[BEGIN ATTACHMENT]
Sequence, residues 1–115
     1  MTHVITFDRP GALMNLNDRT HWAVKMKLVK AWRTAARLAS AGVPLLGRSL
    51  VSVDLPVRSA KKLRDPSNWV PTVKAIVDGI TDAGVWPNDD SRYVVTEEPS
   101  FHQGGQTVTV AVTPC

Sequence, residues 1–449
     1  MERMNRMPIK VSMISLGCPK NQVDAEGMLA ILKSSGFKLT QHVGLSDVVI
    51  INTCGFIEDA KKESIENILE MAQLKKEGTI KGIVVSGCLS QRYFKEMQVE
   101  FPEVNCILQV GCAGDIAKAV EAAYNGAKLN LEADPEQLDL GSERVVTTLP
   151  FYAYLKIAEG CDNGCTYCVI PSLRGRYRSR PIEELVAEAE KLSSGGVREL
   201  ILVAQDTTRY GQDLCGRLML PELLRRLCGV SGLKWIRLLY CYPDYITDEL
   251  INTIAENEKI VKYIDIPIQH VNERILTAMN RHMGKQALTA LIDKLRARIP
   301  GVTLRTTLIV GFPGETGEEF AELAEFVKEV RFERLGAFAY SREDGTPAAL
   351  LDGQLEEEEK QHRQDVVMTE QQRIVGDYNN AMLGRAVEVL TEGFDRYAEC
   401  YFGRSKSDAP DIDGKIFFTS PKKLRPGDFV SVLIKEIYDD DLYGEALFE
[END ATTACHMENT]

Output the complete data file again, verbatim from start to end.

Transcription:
Sequence, residues 1–115
     1  MTHVITFDRP GALMNLNDRT HWAVKMKLVK AWRTAARLAS AGVPLLGRSL
    51  VSVDLPVRSA KKLRDPSNWV PTVKAIVDGI TDAGVWPNDD SRYVVTEEPS
   101  FHQGGQTVTV AVTPC

Sequence, residues 1–449
     1  MERMNRMPIK VSMISLGCPK NQVDAEGMLA ILKSSGFKLT QHVGLSDVVI
    51  INTCGFIEDA KKESIENILE MAQLKKEGTI KGIVVSGCLS QRYFKEMQVE
   101  FPEVNCILQV GCAGDIAKAV EAAYNGAKLN LEADPEQLDL GSERVVTTLP
   151  FYAYLKIAEG CDNGCTYCVI PSLRGRYRSR PIEELVAEAE KLSSGGVREL
   201  ILVAQDTTRY GQDLCGRLML PELLRRLCGV SGLKWIRLLY CYPDYITDEL
   251  INTIAENEKI VKYIDIPIQH VNERILTAMN RHMGKQALTA LIDKLRARIP
   301  GVTLRTTLIV GFPGETGEEF AELAEFVKEV RFERLGAFAY SREDGTPAAL
   351  LDGQLEEEEK QHRQDVVMTE QQRIVGDYNN AMLGRAVEVL TEGFDRYAEC
   401  YFGRSKSDAP DIDGKIFFTS PKKLRPGDFV SVLIKEIYDD DLYGEALFE